More bad news–needle exchange

Another bad development in public health

With everything else going on, some very bad news has slipped by without a lot of public attention.

As most RBC readers know, every major public health expert body from the Institute of Medicine to the Centers for Disease Control and Prevention to UNAIDS and the World Health Organization, to the White House Office of Drug Control Policy endorses syringe exchange as an effective and cost-effective strategy to prevent HIV and other blood-borne infection among injection drug users.

Despite this evidence, Philip Smith and Maia Szalavitz report, Congress just restored the ban on federal funding for syringe exchange after the Senate took the final votes to approve the 2012 federal omnibus spending bill. 

I’ll have more to say when I get a change to learn more about the practical impact. It’s especially regrettable that the bill hinders support for evidence-based international programs that support syringe exchange. There is a fight for life against AIDS around the world. This is very detrimental.

The below press release from the AIDS Foundation of Chicago tells the basic word:

AFC Statement on Federal Funding Ban for Syringe Exchanges Monday, 19 December 2011 19:23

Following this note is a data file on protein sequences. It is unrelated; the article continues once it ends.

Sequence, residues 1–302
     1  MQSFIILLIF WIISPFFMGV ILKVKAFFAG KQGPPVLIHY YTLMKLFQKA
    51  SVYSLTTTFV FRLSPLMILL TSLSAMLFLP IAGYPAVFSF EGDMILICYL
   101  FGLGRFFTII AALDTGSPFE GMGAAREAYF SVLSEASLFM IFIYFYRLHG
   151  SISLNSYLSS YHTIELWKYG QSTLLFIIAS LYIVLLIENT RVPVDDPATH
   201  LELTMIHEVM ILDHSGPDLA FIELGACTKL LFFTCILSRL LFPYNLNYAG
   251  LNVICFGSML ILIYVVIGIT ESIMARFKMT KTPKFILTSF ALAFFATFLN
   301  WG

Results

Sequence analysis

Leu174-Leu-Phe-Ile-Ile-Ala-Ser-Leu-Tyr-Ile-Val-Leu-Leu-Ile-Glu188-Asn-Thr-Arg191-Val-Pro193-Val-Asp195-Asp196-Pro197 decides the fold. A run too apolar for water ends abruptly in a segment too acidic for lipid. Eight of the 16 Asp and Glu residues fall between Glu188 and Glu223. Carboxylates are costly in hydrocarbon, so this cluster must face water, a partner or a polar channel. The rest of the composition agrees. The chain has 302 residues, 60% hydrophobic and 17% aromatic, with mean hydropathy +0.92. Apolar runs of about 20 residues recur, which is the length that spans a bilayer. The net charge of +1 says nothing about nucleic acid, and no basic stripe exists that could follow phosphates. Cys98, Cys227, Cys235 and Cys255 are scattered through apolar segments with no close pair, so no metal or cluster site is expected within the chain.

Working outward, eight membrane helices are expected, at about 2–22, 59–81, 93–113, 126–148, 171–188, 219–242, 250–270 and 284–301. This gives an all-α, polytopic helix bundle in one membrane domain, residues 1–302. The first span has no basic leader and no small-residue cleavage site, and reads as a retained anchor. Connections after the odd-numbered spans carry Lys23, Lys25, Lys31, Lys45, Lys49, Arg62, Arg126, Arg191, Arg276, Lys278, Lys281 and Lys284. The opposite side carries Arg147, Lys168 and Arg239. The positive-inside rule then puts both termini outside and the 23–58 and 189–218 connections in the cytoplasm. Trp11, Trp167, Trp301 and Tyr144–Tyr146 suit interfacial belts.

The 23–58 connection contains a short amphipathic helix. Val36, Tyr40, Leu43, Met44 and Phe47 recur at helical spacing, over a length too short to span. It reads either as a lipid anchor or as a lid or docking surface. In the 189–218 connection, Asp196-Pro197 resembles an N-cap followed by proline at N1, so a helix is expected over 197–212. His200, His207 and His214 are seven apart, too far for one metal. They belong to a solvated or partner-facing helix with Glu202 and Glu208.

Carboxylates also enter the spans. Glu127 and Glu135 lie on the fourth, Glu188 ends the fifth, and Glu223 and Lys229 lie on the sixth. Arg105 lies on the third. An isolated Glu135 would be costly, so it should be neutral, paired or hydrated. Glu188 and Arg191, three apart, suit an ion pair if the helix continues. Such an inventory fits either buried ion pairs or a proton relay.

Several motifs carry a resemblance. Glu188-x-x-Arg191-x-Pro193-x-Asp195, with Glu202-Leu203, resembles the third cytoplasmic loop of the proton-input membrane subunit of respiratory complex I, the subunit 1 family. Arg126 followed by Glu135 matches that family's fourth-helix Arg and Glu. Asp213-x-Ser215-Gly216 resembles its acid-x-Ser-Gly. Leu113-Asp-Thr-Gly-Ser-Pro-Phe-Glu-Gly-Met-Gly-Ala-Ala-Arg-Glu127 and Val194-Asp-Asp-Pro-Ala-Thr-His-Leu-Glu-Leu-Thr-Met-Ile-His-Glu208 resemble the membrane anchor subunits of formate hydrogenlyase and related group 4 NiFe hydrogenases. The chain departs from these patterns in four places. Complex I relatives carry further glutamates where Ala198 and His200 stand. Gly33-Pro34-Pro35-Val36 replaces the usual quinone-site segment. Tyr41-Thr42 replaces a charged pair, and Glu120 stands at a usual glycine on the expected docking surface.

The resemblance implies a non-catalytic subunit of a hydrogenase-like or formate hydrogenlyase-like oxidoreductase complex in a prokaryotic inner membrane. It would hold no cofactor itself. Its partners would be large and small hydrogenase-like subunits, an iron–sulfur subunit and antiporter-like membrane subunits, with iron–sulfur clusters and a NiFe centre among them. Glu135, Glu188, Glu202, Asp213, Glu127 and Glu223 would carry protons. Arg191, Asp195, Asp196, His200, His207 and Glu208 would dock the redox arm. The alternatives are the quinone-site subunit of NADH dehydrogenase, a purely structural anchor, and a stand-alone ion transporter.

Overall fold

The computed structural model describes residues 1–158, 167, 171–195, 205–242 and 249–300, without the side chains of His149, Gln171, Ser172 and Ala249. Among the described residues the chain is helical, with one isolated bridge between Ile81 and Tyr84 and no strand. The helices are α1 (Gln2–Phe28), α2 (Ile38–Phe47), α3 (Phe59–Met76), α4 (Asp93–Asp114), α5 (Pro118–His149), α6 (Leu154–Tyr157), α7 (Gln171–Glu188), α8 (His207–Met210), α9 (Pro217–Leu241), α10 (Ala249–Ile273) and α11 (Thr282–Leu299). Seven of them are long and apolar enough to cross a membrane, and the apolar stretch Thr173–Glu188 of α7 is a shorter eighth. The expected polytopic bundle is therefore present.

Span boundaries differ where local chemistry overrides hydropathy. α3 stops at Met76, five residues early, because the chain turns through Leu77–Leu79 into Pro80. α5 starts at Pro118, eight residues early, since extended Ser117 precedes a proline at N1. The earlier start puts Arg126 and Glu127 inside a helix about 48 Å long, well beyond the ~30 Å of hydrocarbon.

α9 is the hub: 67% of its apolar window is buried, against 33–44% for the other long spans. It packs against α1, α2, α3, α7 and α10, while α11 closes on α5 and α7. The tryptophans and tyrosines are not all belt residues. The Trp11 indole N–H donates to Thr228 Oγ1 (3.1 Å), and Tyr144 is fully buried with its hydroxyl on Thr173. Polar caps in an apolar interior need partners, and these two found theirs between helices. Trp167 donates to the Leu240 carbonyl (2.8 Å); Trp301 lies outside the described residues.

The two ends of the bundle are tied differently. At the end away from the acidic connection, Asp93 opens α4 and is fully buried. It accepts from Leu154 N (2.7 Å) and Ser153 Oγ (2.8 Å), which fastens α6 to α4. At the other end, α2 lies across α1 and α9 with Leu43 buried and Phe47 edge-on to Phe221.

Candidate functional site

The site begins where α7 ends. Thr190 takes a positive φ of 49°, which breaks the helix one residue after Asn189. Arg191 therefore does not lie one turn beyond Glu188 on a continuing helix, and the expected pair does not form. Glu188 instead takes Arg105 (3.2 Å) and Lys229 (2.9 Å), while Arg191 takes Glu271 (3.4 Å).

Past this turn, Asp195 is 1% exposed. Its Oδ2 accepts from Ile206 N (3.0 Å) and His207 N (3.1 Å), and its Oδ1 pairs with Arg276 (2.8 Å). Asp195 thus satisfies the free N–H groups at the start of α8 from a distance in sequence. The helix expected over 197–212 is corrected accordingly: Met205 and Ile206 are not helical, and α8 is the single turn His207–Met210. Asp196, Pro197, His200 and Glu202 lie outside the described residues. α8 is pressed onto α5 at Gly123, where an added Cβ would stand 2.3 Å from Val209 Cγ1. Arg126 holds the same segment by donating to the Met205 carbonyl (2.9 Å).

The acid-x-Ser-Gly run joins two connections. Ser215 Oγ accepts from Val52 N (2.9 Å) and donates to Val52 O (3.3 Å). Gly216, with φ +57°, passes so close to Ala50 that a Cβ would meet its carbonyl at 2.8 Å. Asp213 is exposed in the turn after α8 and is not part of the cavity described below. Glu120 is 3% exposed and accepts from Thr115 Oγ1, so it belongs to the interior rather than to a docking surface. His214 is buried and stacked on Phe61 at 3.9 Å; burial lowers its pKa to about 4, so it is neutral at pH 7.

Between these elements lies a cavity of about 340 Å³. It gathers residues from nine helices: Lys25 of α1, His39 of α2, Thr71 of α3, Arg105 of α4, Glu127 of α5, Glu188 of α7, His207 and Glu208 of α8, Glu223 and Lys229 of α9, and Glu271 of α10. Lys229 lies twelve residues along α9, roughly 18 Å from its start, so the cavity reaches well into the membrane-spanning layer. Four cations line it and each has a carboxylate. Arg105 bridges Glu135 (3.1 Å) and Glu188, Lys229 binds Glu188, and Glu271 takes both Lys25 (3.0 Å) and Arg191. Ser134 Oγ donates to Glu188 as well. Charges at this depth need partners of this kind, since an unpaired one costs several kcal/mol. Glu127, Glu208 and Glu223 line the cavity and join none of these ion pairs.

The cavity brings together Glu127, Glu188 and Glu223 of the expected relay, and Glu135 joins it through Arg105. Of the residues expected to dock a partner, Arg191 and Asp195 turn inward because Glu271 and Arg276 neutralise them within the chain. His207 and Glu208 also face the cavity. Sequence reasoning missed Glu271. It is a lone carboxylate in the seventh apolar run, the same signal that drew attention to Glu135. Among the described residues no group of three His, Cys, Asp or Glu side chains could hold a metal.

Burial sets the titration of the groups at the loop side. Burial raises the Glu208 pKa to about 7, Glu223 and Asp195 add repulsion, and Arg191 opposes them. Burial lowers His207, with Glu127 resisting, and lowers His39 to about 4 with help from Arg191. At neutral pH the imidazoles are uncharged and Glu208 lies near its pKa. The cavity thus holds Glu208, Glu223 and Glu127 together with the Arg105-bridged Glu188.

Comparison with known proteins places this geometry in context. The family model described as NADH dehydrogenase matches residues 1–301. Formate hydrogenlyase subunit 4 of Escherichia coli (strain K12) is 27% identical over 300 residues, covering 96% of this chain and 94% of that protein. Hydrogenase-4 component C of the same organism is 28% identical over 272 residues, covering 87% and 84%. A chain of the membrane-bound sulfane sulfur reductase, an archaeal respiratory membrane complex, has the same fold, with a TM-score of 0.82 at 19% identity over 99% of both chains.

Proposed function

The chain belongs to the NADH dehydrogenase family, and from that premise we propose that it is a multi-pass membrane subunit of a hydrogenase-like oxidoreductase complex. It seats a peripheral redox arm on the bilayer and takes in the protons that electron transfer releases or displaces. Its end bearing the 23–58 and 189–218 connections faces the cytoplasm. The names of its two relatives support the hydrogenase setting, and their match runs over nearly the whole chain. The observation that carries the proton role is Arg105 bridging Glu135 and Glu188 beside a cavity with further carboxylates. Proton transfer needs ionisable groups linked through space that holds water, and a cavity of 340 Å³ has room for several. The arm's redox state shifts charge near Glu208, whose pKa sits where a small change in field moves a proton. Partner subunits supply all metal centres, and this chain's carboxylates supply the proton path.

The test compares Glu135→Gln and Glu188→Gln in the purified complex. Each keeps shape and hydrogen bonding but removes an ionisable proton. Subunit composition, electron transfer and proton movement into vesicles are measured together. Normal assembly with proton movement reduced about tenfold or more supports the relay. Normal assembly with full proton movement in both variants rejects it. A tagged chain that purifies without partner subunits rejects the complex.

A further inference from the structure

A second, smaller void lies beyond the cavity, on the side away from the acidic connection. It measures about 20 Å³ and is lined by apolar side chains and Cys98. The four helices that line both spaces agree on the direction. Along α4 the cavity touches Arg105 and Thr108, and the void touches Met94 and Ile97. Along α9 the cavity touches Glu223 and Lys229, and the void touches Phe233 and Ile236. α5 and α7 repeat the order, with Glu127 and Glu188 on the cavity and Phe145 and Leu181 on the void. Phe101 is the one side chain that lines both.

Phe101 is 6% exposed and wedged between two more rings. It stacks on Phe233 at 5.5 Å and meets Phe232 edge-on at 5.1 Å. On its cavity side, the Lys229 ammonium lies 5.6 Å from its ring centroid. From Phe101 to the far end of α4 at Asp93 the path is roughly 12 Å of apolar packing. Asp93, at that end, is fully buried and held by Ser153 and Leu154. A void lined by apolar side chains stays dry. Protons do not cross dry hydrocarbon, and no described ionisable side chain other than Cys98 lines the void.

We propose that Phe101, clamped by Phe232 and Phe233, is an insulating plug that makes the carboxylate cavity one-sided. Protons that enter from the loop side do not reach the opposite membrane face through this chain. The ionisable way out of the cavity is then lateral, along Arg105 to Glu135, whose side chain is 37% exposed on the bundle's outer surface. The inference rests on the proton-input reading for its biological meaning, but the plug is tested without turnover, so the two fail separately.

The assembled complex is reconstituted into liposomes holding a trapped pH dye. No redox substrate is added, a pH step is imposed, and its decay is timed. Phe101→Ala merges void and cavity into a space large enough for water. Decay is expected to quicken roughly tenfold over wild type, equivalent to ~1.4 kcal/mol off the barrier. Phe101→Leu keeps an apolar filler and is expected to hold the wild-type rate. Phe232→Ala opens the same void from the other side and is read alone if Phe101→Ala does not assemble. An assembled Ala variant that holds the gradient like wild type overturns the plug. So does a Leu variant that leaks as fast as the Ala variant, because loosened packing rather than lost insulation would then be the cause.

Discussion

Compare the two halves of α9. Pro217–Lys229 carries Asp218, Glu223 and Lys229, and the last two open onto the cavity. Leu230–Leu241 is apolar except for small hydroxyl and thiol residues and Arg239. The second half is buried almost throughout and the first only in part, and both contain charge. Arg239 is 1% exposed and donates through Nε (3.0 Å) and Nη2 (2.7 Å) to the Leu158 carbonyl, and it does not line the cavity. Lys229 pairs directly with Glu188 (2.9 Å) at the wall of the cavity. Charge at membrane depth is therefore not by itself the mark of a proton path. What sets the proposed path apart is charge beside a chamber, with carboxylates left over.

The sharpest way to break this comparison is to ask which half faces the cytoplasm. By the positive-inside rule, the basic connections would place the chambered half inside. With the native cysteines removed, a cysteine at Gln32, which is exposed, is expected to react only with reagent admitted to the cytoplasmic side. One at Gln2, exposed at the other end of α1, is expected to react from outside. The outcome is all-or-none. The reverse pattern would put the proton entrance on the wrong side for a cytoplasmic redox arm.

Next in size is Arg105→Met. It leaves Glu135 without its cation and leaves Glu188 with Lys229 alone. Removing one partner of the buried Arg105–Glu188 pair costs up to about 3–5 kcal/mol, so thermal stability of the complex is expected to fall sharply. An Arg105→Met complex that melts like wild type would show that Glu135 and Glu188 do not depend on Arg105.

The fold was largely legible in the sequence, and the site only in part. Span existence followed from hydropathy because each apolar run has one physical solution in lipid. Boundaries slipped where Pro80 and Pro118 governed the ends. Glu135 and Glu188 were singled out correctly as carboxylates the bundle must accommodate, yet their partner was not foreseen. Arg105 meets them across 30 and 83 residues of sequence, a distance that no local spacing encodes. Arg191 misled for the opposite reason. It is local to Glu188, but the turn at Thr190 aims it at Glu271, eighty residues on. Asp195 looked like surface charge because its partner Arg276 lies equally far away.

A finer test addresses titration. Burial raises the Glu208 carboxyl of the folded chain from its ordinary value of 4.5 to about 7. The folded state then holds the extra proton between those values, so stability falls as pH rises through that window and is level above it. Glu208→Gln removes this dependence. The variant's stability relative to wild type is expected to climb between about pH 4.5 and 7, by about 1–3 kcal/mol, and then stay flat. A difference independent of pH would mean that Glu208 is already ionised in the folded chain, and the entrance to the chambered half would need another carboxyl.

On Friday, December 16, Congress sent President Obama the final fiscal year 2012 appropriations bill, which reinstates a prohibition on using federal funding to support syringe exchanges. We implore President Obama to condemn the federal funding ban in the strongest language possible and begin working immediately for its repeal.“Reinstating the ban on federal syringe exchange funding is a terrible setback and a clear rejection of science and human rights,” said David Ernesto Munar, president/CEO of AIDS Foundation of Chicago. “The debate about needle exchanges was settled in 2009. Congress and the President are reversing a major public health gain at a time in the AIDS epidemic when we cannot afford to take steps backward.”

The federal ban on funding for syringe exchanges was enacted in the 1980s, and was repealed in 2009 by Congress and President Obama. Nine states and one city (Chicago) applied to the federal government to use $2.7 million federal funding for syringe exchanges, according to the National Association of State and Territorial AIDS Directors. Advocates hailed the lifting of the ban as a victory for science‐based HIV prevention services.

“We are dismayed that this year Congress threw in the towel when it comes to HIV prevention. They beat back provisions restricting abortion, workers’ rights and pollution enforcement,” Munar said. “Why aren’t people at risk of HIV just as important?”